Some people might be interested in how they can perform an API Gravity Test. API stands for the American Petroleum Institute who have been responsible for creating standards used in the Oil and Gas Industry. Standards are very important not only for process applications but also to enable buyers and sellers to compare apples with apples. If you would prefer to watch a video then please view the following presentation which is an excellent student resource.


What you will need to conduct the API Gravity test at a minimum is 

1. Graduated Cylinder
2. API Gravity Hydrometer
3. Thermometer and Hot Plate ( for Crude Oil Testing)

The experiment is normally first conducted at room temperature by novices and is meant to help people understand how heavy or light a liquid is compared to water. If the API Gravity is greater than 10, then it will be lighter and will float on water. If the fluid is less than 10 it is considered to be heavier and thus it will sink.

If you care to go deeper and understand the actual formula and want to move on further from basic concepts then it is expressed very clearly in the following Wikipedia Page which clearly shows how to derive the API Gravity from the density.

api density
API Gravity can also be measured online by speciality instruments called Densitometers. These days it is becoming more important for oil companies to have constant reporting for oil quality including the temperature,  BS&W , mass flow rate and other types of information which enable the business side of the company to determine the value of the product i.e. how pure it really is. The purer the product, the more BTU or Energy it can produce. This is important for buyers and sellers in custody transfer operations.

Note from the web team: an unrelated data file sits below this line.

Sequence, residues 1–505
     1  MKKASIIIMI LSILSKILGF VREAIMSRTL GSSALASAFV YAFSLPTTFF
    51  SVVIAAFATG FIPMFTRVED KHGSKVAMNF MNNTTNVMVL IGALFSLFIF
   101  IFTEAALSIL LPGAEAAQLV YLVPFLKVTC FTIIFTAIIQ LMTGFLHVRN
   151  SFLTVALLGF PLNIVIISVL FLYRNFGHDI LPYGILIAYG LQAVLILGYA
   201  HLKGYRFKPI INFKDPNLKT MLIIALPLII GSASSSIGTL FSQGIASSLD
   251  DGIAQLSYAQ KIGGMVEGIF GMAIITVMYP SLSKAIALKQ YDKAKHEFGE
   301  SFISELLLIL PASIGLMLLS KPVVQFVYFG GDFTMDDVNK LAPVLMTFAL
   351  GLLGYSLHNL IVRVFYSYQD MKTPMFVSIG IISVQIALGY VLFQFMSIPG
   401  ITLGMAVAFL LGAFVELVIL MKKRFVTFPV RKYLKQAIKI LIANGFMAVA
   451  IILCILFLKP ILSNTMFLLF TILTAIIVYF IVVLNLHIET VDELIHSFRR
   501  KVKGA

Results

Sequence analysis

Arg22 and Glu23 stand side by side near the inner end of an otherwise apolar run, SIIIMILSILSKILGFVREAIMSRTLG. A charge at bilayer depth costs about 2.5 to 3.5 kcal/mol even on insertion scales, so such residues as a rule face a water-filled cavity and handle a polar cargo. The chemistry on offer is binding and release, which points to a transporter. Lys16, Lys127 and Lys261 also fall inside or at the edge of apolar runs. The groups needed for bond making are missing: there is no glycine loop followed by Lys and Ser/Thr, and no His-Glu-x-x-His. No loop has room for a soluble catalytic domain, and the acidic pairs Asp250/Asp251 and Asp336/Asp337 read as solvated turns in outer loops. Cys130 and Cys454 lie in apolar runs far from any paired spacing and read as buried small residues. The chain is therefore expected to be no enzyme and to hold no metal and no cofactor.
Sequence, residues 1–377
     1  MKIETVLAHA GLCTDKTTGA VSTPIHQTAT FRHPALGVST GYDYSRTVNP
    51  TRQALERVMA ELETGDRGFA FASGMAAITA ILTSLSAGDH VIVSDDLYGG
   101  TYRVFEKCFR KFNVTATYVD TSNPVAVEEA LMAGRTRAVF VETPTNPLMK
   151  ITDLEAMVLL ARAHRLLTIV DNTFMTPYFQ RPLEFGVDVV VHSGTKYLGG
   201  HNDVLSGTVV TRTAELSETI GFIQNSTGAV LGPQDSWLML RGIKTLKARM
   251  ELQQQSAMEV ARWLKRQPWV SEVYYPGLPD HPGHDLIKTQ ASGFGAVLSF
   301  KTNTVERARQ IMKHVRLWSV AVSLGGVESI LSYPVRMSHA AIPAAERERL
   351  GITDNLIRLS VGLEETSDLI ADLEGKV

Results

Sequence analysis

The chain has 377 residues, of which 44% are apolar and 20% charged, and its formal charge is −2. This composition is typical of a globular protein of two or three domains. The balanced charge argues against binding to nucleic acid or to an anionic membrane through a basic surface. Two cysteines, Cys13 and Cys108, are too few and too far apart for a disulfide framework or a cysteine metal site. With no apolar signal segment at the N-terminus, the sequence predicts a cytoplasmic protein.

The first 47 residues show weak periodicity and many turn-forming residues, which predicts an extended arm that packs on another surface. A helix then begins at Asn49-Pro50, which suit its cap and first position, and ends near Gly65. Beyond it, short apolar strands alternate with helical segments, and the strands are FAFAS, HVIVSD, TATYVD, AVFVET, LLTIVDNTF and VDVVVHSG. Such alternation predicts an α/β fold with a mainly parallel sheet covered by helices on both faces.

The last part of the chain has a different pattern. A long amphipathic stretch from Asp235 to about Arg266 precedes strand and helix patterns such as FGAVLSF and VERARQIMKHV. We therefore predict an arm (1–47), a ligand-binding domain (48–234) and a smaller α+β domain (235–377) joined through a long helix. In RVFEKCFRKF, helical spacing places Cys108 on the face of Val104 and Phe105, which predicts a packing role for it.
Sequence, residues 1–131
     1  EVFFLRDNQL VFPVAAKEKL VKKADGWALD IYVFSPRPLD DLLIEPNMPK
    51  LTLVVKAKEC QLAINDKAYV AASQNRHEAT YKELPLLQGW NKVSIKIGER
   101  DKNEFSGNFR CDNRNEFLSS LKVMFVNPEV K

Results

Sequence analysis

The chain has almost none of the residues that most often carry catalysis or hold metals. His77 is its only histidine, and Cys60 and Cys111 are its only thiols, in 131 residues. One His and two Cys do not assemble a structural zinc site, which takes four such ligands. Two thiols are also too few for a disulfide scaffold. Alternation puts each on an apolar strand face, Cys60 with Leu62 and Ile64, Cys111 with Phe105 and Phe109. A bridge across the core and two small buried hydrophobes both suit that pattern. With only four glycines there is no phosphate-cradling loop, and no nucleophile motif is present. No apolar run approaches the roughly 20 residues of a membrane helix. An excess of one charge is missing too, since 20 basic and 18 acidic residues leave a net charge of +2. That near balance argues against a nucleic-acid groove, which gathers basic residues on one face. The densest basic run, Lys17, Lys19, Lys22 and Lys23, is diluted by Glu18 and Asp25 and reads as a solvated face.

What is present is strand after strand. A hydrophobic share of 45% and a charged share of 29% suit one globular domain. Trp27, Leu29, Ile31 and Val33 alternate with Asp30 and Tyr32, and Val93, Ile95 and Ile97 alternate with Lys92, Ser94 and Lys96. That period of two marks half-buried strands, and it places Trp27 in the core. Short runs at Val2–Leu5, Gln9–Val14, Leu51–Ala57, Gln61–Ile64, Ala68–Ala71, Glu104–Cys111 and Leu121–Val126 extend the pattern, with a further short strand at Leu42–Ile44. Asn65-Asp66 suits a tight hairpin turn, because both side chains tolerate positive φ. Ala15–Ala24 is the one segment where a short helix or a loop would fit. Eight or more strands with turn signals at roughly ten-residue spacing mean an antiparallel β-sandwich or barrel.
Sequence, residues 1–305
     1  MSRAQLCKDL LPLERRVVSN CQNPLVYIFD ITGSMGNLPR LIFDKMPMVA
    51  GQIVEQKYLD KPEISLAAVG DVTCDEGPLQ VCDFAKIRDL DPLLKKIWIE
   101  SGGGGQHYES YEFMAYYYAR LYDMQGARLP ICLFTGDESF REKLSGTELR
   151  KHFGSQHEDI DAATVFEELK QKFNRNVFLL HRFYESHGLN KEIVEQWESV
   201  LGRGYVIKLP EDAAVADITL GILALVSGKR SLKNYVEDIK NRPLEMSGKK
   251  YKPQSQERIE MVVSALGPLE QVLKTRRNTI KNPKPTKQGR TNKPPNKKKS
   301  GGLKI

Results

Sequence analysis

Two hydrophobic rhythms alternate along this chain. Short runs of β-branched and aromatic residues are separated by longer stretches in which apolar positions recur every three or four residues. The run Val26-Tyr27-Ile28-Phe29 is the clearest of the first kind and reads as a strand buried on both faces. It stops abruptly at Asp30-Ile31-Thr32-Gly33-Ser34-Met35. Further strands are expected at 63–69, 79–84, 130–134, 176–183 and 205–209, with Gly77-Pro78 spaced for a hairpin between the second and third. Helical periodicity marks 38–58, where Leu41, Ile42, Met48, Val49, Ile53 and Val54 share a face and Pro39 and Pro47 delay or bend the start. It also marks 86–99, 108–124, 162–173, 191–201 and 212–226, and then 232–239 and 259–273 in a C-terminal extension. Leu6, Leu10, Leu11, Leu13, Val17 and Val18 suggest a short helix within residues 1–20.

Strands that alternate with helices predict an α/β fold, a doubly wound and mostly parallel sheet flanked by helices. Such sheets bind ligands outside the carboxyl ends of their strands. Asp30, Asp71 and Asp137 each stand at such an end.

Not all measurement and analysis activities are going to center around custody transfer metering. There are instances where production companies need to know what is being produced in order to make decisions about the wells they are managing. In these cases there is a choice of examining the fluids using separation technology so that oil, gas and water can be examined and quantified individually. Many companies are also turning to what is commonly referred to as the MPFM. The following video presentation will give you an idea  of a company who is building inline sensing devices to determine the oil fractions online and in realtime.


A decade ago we saw that MPFM technology was something very new and in a kind of testing phase but currently there are now enough units being produced and installed by various manufacturers and more data is being gathered and studied while product development is being continually improved.